I have got through a few of those new shiny incinerators you see in garden centres. They seem to have a very short life so I searched for a replacement. It is a converted oil drum. Much larger and stronger. It is now in its second year and working well. A much better investment. I was astounded at with the verocity the dried box hedging burnt. I had to do it in two sessions as on the first I noticed that the nearby water butt was starting to melt. I was just wishing I could have connected all the heat being emitted to the house domestic system. Or have I just discovered a new fuel?

PS. Some rain has arrived this morning. This first for weeks. Not enough for the garden yet. Some of my plants were starting to look stressed even after endless watering.

  • Yellow Phlomis

    Yellow Phlomis


  • Yellow Phlomis

    Yellow Phlomis

18th June 2022
Over time plant labels can get lost and you do not know the variety of that lovely plant growing in your garden. But often you can remember where you bought it or how it came into your possession. Somehow the plant can mean a lot more if it was given to you and you remember the kindness of that person. At this time of the year I can remember the kindness of Iris Foster who used to live in Christleton but who sadly died near the end of last year.

It was at a Gardening Club meeting at Christleton Methodist Chapel probably in 2019 that Iris announced she had some Phlomis plants if anyone would like them. I must admit that I had not really come across this plant before and certainly never had a specimen in in my garden. I expressed an interest and Iris later invited me round to her house in Woodfields. On arrival she handed me a spade and said I could have as many as I wanted. She had grown tired of the Phlomis that had tried to take over her garden and wanted to try something new.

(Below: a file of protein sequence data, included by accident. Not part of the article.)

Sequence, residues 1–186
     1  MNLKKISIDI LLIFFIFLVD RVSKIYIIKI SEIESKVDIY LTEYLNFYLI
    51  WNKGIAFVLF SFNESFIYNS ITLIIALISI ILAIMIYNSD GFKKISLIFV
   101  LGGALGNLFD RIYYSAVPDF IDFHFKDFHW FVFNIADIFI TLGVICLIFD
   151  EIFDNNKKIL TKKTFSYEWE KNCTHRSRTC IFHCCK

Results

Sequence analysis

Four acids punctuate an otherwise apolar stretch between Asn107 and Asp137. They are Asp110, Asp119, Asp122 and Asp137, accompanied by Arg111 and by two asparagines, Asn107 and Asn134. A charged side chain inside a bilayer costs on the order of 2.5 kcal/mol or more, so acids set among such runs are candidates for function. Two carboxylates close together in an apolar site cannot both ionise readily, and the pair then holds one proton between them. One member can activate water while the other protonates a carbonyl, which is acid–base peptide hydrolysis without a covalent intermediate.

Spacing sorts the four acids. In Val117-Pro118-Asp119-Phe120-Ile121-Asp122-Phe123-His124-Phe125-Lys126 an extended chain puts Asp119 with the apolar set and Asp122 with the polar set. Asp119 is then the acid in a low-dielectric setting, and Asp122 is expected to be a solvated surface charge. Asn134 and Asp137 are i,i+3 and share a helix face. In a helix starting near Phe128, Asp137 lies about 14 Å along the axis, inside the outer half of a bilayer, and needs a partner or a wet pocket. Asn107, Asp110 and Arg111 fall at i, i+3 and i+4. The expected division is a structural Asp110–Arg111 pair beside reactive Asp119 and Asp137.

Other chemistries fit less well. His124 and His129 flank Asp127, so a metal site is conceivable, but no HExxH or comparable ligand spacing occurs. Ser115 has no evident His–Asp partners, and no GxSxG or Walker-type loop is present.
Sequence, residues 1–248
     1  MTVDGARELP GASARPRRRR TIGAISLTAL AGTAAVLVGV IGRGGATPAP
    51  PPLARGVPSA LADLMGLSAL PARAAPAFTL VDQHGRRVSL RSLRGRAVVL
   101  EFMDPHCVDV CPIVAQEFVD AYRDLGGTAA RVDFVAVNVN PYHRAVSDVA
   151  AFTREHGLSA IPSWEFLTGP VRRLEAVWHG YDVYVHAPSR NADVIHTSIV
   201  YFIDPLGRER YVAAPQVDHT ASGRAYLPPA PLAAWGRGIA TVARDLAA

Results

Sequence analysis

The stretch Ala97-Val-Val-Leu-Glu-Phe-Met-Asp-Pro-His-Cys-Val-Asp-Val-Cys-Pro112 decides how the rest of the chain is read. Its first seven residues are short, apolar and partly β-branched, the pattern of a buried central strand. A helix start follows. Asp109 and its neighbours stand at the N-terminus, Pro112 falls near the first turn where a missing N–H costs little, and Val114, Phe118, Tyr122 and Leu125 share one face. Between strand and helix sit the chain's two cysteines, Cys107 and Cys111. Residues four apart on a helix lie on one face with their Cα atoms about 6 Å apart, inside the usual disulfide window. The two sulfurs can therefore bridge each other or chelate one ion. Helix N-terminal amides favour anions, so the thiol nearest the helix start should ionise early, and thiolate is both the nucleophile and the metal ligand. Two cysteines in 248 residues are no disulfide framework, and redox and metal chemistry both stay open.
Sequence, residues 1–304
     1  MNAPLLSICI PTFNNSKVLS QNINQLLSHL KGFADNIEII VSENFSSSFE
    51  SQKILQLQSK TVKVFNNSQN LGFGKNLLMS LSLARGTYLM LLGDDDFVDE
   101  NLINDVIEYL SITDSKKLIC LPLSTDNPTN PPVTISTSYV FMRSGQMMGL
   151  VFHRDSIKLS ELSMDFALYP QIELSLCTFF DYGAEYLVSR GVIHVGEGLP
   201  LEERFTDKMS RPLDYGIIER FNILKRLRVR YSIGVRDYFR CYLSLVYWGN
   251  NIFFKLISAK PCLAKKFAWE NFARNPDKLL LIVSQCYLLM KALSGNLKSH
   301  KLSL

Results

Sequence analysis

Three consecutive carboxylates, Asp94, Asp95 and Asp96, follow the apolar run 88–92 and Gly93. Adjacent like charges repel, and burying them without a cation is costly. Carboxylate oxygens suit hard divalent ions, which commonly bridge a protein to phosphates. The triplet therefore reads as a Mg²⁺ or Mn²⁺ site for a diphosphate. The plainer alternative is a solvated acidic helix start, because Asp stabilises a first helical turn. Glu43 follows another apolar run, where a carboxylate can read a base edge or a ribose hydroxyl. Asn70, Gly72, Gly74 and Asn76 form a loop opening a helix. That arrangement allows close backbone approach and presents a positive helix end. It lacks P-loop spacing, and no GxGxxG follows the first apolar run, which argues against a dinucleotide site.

I don't think the plants did much the first year as they had to recover from their move. But since then they have never failed to put on a good show starting each June. An unusual flowering perennial with worls of yellow flowers. Thank you Iris. Memory of you is now a part of my garden.

Gardens can be full of memories. I have two clumps of Harebells which used to be my fathers favourite flower. So when you are considering a gift for someone who has a garden please consider a perennial plant. As long as they know the conditions the plant likes you could even throw away the label before you give it to them. It is your name that will be on that everlasting label.

Union Jack


7th June 2022